Level: intermediate

We use the present simple to talk about:

  • something that is true in the present:

They live next door to us.
He works for the Post Office.

  • something that happens regularly in the present:

The children come home from school at about four.
We often see your brother at work.

  • something that is always true:

Water boils at 100 degrees Celsius.
The Nile is the longest river in Africa.

We use the present continuous to talk about:

  • something happening at the moment of speaking:

I can't hear you. I'm listening to a podcast.
Please be quiet. The children are sleeping.

  • something happening regularly in the present before and after a specific time:

I'm usually having breakfast at this time in the morning.
When I see George he's usually reading his Kindle.

  • something in the present which we think is temporary:

Michael is at university. He's studying history.
I love Harry Potter. I'm reading the last book.

  • something which is new and contrasts with a previous state:

Nowadays people are sending text messages instead of phoning.
I hear you've moved house. Where are you living now?

  • something which is changing, growing or developing:

The weather is getting colder.
Our grandchildren are growing up quickly.

  • something which happens again and again:

It's always raining in London.
They are always arguing.
George is great. He's always laughing.

Note that we normally use always with this use.

We use modal verbs:

I don't know where Henry is. He might be playing tennis.
'Who's knocking at the door?' – 'I don't know. It could be the police.'

I can speak English quite well but I can't speak French at all.
You should do your homework before you go out.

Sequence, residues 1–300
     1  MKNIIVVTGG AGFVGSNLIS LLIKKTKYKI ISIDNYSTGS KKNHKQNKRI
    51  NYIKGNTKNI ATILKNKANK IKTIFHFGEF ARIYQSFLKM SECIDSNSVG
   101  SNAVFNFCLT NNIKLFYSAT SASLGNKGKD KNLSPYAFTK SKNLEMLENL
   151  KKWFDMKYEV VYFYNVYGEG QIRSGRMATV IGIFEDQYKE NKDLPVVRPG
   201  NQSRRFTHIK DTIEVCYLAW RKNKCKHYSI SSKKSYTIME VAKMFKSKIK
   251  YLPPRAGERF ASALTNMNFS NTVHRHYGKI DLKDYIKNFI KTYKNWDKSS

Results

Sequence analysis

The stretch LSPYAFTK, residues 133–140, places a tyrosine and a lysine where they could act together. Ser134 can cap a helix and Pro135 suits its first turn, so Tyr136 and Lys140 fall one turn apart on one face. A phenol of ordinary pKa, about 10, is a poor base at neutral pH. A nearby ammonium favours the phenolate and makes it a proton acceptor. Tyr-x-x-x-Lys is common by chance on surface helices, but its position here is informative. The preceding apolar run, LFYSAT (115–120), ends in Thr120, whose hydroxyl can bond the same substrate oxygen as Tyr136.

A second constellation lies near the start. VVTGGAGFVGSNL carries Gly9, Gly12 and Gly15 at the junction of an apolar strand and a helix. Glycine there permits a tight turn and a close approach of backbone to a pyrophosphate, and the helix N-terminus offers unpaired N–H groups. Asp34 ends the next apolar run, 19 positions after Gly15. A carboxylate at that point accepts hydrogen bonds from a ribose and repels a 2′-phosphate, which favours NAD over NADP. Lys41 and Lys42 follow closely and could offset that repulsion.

Present simple and present continuous 1

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Comments

Hello dipakrgandhi,

I agree with you. The hospital is the body which admits or does not admit someone, not your relative. Thus it should be phrased as you say, though I would suggest 'be admitted' rather than 'get admitted'.

 

Peter

The LearnEnglish Team

Thank you sir

I was following a text commentary of a cricket match on a well known cricket website. The match ended in a tie and after that the comments were :

What.a.match.

Is it correct to palce a full stop after every word ?

The english on the website is always of highest standard and I don't think they ever go wrong

Please clear my doubt.

Regards

Dipak Gandhi

Hello Dipak,

It's not standard to put full stops after every word, but it is used sometimes on the internet as a way of adding emphasis or showing astonishment in such situations, especially in phrases like 'What a...'

For example:

Kohli has become the fastest player to reach 10,000 runs in one-day cricket.

What.a.player.

 

 

Peter

The LearnEnglish Team

Thank you sir

Hello Learn English team,
Would there a difference in meaning if I said "We will not go out if it is raining. versus if it rains"
Thanks in advance.

Hi Hopefinder,

No, there is no real difference in meaning. The present continuous could suggest you are imagining that rainy day and the present simple is more matter-of-fact, but in the end they mean the same thing.

All the best,
Kirk
The LearnEnglish Team

"all we can do is watch and wait".... why is there not infinitive form(to watch)or ing form(watching) in this example?

Hi manuel24,

It's possible to use 'to' ('All we can do is to watch ...') but it's much more common not to use 'to' here. As far as I know, this is just due to usage, i.e. this is just how people speak. This is a kind of cleft sentence -- perhaps reading a bit more about how these work would be interesting for you. 

All the best,
Kirk
The LearnEnglish Team

thank you kirk!

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